The quirks of UCR is what provides students a campus with character and shared experiences

Courtesy of UCR

My freshman orientation leader was extremely enthusiastic about UCR and at the time, I couldn’t help but agree. Everything about the campus was new and shiny to me and I thought it was genuinely a beautiful place to be. Yet, when I actually started at UCR, I soon came to realize that there were a couple things my orientation leader brushed over. UCR is still a beautiful campus of course, but there are definitely things here that give it quite a character — and not always in a good way.

The most iconic type of flora incoming students will experience here is the Pyrus Kawakamii, otherwise known as the evergreen pear trees, which always make their unwelcome return in the middle of winter. I remember I was walking outside of the Barnes & Noble on campus during midterms season of winter quarter when I was first hit by the horrid scent that all returning UCR students are unfortunately familiar with. At the time, I seriously thought someone had buried a dead body nearby only to learn that the actual culprits were the trees outside the bookstore.

Admittedly, the trees are nice to look at when they are in full bloom, but that isn’t enough to make up for the scent they emit. It is unlikely UCR will get rid of them anytime soon which means incoming students have no choice but to endure them like we all did. But at this point smelling those trees is like a UCR rite of passage because once you do, you understand and share a hatred for them just like every other UCR student.

While UCR students’ noses are bothered by the bookstore, our eyes aren’t treated any better in the area outside of the Arts Building. This past year, UCR students were greeted with a new art sculpture that displays the words “Things Change” and “Change Things.” Your orientation leader this year may try to convince you that it is a wonderful addition to campus, but don’t believe them. After the installation of the tall, bright yellow sculpture, there have been comments from students and alumni about how unsightly it is and how the funding for it could have been better used. Students even went as far to start a petition to get rid of it.

As time passed though, UCR students have come to begrudgingly accept it; just another thing for us to bond over hating. For the rest of our lives, the words “Change Things” will always hold another meaning for UCR students.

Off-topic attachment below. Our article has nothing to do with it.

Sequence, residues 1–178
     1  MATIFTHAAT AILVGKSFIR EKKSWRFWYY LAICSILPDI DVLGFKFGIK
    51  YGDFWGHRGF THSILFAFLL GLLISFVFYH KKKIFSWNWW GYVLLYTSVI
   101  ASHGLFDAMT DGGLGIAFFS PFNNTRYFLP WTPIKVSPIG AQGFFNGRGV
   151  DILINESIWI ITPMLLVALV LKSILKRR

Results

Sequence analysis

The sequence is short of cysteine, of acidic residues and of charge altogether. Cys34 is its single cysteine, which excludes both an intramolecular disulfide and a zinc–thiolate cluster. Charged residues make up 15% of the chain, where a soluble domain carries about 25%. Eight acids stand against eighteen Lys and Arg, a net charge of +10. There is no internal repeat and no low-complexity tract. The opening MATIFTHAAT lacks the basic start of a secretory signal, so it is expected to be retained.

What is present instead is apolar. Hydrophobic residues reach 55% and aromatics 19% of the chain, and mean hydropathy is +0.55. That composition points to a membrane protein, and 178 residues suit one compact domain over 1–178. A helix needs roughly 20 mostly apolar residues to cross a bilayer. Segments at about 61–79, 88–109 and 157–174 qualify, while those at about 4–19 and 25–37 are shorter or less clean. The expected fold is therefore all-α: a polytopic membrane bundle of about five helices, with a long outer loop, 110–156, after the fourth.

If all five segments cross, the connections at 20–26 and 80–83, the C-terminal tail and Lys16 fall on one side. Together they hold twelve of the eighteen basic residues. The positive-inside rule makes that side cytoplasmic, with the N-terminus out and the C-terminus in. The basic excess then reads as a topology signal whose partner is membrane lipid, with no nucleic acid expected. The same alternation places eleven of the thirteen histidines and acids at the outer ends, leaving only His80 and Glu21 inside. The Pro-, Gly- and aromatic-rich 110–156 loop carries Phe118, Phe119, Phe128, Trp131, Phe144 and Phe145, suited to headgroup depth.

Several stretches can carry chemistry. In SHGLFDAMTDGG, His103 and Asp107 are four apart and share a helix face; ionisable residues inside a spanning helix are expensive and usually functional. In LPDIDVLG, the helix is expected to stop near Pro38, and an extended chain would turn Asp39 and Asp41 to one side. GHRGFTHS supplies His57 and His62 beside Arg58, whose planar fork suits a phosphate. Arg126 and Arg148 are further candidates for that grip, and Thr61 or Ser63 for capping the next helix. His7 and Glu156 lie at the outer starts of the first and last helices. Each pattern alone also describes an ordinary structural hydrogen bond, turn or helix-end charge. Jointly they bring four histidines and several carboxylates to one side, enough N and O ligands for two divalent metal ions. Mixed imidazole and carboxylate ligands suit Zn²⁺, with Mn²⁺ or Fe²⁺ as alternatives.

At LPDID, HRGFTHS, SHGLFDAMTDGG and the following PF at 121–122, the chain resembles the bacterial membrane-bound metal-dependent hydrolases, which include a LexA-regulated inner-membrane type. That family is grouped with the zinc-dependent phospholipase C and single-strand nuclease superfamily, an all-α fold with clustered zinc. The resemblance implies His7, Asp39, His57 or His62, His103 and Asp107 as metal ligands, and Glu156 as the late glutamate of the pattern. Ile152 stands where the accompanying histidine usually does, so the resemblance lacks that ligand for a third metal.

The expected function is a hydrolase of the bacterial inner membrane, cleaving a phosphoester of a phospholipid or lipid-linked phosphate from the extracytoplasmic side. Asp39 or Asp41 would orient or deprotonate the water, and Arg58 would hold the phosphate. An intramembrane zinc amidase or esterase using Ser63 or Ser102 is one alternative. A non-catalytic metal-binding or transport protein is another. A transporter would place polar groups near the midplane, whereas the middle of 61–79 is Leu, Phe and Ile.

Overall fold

If you walk past the Arts Building and the Highlander Union Building (HUB), you might be surprised by  the amount of things that will either scare or bother you when all you’re trying to do is simply walk on campus. For example, the bronze statue of the UCR mascot Scotty the bear sitting on a bench near the Bell Tower with its wide dead eyes is already unnerving during the day, but at night it is even worse because it can trick you into thinking an actual person is sitting there.

Right up there with Scotty is the Barack Obama standee in the window of the Associated Students Program Board (ASPB) office at the HUB 111. For some reason, ASPB decided to place a life-sized cutout of the former president in the corner window of their office. So if you’re ever turning the corner after leaving The Highlander office, you’re going to be greeted with Obama’s gleaming smile. No matter how many times you may see it, you’ll never remember it is actually there until it’s too late and you almost have a heart attack.

A trek around the Bell Tower, especially during spring quarter, is always a gamble. Since UCR is a public university and campus, it means that almost anyone can find their way onto campus. Sometimes this can be a good thing when there are interesting booths selling cute hats, stickers or used books. Unfortunately, along with that comes the preachers and the promoters — and sometimes, Girl Scouts selling cookies — who go out of their way to interrupt students on their way to class. What’s worse is that they’re relentless, and they’ll bother you no matter how crunched for time you are or clearly wearing earbuds.

While there will be things about UCR you won’t absolutely love, it doesn’t change the fact that there is something unique about UCR. The people you meet here are some of the best people you’ll come by and possibly even lifelong friends. It may be awhile before any new students will get to walk around campus but it will all be worth it once you finally get to step foot on the grounds of UCR.

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